No thicker than a piece of paper - because it practically is a piece of paper - a solar panel created by an MIT researcher can be shoved into a pocket or made into a paper airplane, and it will still create energy when exposed to sunlight. The trick is in the way it is made. The panel is printed like ink onto a sheet of paper. Even folded up like a letter, it retains its ability to convert light to electricity. With her colleagues, Karen Gleason, a professor of chemical engineering at the Massachusetts Institute of Technology, published a paper last week in the journal Advanced Materials, demonstrating how they created a solar panel by printing tiny, lightweight layers of electrodes and semiconductors on a piece of paper.
Intersolar North America - North America's Premier Exhibition and Conference for the Solar Industry Intersolar promotes the development of business opportunities throughout the North American solar industry. There are 800 exhibitors and 22,000 trade visitors expected at the 2011 exhibition, co-located with SEMICON West. The accompanying conference expects 1,600 attendees. Since its establishment in 2008, the exhibition and conference have developed into the premier platform for the solar industry in North America. Intersolar North America, focuses on photovoltaics and solar thermal technology and has quickly established itself among manufacturers, suppliers, distributors and service providers as a vital international industry meeting point. As a media partner AltEnergyMag.com is hosting a Special InterSolar newspage sponsored by Trojan Battery, Schneider Electric and CentroSolar. We invite all exhibitors and attendees to check out and submit all your Conference news here. Also, stay tuned for our InterSolar Conference report which will go online following the show.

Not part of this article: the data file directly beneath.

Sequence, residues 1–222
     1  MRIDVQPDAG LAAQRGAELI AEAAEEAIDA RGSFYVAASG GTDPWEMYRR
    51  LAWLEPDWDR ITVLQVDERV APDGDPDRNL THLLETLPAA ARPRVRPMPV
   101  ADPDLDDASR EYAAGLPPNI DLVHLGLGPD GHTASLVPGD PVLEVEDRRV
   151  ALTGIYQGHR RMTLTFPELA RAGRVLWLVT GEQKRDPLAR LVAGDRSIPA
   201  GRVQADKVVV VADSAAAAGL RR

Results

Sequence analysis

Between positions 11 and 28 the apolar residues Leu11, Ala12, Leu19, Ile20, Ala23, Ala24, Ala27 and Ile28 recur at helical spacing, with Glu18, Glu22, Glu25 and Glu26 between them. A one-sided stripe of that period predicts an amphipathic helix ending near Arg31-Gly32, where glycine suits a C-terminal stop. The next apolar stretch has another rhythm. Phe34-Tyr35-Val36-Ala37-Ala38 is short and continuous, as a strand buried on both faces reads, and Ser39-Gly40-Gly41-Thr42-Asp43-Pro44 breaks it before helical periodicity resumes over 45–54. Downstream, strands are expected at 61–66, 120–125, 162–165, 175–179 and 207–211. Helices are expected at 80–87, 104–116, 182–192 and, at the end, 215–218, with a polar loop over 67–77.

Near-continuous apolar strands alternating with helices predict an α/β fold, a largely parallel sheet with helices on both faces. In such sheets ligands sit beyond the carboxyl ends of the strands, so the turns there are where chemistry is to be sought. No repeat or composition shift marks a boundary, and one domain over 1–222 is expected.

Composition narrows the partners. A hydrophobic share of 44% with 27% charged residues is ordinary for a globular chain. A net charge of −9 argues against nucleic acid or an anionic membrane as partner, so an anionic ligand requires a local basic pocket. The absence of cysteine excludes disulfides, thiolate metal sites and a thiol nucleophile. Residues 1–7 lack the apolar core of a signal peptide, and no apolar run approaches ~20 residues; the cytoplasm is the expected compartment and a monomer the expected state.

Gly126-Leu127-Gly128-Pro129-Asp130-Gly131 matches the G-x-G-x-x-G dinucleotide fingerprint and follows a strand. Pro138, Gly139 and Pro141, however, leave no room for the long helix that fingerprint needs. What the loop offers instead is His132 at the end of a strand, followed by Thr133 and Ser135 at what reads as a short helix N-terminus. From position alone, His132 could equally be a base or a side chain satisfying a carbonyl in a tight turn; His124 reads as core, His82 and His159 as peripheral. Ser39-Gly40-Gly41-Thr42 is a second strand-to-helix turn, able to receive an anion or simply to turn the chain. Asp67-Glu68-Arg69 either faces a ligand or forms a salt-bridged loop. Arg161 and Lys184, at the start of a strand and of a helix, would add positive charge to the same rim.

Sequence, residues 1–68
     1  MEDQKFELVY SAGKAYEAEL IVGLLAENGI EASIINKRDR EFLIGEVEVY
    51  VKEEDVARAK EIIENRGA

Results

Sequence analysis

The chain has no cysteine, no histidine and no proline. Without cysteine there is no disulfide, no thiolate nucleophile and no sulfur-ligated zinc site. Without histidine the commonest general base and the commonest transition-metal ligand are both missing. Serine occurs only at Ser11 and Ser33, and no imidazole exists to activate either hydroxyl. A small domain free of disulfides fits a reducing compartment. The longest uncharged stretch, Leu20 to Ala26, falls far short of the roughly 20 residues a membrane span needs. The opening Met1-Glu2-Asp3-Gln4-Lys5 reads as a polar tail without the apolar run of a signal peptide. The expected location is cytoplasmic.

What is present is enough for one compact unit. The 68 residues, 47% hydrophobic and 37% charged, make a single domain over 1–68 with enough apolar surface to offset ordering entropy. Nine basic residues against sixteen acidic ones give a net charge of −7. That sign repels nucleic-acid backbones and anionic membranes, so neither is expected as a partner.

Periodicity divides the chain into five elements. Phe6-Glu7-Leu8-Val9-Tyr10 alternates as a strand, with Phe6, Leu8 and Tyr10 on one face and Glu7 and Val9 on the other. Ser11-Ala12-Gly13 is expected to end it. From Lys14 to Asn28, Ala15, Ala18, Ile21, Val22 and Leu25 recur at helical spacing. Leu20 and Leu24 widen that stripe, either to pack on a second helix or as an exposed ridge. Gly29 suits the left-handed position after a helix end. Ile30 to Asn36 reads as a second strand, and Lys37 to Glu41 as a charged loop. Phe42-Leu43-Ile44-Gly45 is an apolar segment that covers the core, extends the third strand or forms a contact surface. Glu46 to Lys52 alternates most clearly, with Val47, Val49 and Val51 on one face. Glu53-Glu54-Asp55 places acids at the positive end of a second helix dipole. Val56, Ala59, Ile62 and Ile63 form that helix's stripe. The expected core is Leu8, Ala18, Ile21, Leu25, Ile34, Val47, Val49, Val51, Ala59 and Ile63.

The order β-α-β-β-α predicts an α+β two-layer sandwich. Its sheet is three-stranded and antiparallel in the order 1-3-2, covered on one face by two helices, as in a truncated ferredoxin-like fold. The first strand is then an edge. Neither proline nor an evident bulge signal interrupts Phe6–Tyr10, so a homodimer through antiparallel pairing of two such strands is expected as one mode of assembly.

Records 976 to 990 of 1364
Professional weather sensors form the heart of large solar plants supporting their operation and performance. Lufft was the first manufacturer to combine several sensors in one housing, bringing the largest multiparameter weather sensor family with 19 members into being. Many of them are well-suited for solar site assessment and continuous monitoring. The most commonly used one is the WS600 delivering data on temperature, air pressure, wind, relative humidity and precipitation. Through its open protocol, it can easily be attached to radiation sensors e.g. from Kipp&Zonen. Other models have an integrated Silicon, Second Class or Secondary Standard radiation sensor.